See super-wicked problems and other glossary entries
- Horst Rittel's (1967) original design-related term was developed for use in a managerial context, when (Rittel & Webber, 1973) defined 'wicked problems' using ten characteristic features. Jeffrey Conklin (2006) later generalised the idea using only six.
Conklin's Six Indicators:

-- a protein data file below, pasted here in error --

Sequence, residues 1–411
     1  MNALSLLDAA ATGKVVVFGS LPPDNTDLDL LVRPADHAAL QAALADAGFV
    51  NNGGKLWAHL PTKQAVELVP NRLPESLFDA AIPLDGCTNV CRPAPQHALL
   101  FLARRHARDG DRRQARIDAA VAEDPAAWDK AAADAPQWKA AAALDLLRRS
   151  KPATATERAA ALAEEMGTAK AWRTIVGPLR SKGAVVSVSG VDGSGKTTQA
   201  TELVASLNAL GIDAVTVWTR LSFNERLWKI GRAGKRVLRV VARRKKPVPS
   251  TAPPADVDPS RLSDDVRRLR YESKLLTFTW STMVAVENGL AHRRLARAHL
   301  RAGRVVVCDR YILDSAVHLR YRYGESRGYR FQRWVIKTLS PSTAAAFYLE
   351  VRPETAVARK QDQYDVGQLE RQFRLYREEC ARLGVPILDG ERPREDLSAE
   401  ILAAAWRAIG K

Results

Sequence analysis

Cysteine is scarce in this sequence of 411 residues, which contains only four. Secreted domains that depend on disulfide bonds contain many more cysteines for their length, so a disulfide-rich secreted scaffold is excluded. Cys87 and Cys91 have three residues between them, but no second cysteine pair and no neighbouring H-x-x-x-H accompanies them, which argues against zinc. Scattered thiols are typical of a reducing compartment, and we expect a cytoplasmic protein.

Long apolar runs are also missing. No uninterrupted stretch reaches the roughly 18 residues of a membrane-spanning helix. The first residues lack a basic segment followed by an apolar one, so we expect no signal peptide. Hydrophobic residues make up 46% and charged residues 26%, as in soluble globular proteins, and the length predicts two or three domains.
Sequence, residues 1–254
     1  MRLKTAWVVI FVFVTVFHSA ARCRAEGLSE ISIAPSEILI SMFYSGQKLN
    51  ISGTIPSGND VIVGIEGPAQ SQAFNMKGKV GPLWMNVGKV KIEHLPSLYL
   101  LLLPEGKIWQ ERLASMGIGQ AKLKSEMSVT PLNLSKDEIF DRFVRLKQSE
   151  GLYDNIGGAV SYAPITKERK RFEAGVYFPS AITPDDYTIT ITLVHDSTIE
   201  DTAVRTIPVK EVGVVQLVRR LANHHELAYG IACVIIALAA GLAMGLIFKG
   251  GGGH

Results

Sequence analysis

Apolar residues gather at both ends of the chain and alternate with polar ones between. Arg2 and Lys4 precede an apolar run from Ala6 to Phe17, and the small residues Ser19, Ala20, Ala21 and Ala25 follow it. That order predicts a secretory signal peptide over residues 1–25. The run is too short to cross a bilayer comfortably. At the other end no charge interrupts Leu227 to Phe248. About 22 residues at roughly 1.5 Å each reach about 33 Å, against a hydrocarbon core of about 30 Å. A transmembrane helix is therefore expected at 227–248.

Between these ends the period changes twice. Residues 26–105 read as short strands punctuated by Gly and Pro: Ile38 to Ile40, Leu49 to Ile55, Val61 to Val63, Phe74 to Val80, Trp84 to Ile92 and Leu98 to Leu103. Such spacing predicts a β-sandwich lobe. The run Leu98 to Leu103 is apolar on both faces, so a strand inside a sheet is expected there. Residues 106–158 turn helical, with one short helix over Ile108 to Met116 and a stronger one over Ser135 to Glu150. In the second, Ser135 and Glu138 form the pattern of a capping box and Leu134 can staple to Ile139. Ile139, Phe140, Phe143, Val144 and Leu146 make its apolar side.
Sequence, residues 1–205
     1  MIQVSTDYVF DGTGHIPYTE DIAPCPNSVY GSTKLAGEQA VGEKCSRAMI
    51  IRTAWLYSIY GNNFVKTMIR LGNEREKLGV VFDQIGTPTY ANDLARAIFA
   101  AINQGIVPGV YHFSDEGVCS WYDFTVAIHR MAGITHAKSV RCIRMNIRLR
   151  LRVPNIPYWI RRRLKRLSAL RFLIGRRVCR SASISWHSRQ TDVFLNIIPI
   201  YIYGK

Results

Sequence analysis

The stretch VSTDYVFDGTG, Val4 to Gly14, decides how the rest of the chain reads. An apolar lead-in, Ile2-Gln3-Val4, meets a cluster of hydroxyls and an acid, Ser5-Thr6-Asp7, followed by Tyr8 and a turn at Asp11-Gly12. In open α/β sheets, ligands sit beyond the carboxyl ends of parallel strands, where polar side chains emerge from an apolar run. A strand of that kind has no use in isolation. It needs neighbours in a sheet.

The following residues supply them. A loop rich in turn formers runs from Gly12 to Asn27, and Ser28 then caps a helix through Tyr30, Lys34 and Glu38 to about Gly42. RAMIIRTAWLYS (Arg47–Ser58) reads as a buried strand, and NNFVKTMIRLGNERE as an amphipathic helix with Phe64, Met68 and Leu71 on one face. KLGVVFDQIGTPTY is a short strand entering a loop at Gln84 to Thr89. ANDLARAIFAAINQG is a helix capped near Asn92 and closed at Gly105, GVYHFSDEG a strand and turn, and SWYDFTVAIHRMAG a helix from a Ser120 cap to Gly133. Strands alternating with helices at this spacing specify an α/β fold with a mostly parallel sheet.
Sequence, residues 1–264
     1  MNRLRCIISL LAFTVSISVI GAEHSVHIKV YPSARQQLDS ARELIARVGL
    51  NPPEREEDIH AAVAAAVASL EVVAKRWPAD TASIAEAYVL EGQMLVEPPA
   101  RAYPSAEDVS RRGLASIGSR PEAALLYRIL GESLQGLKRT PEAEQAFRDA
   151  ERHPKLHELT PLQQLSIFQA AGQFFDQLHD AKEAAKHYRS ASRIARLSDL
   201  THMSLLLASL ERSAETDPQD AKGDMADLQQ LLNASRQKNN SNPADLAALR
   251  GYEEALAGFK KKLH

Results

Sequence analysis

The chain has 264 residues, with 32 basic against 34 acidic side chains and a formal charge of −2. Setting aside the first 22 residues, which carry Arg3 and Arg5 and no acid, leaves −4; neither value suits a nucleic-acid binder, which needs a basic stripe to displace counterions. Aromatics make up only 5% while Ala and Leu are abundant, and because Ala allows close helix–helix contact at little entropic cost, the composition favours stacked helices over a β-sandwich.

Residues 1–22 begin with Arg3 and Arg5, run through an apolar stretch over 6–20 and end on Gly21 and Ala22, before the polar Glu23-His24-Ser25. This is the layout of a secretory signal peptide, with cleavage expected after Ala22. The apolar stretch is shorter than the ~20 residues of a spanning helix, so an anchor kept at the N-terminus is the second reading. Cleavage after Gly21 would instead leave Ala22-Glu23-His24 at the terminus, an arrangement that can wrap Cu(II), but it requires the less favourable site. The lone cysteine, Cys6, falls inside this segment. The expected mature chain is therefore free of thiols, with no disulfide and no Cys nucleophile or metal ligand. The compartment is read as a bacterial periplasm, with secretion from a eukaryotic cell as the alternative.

- The problem is not understood until after the formulation of a solution.
- Wicked problems have no stopping rule.
- Solutions to wicked problems are not right or wrong.
- Every wicked problem is essentially novel and unique.
- Every solution to a wicked problem is a 'one shot operation.'
- Wicked problems have no given alternative solutions.
- Churchman, C. W. (1967). Wicked problems. Management Science, 14(4), B-141 and B-142
- Conklin, Jeffrey (2006). Dialogue mapping : building shared understanding of wicked problems. Chichester, England: Wiley Publishing. ISBN 978-0-470-01768-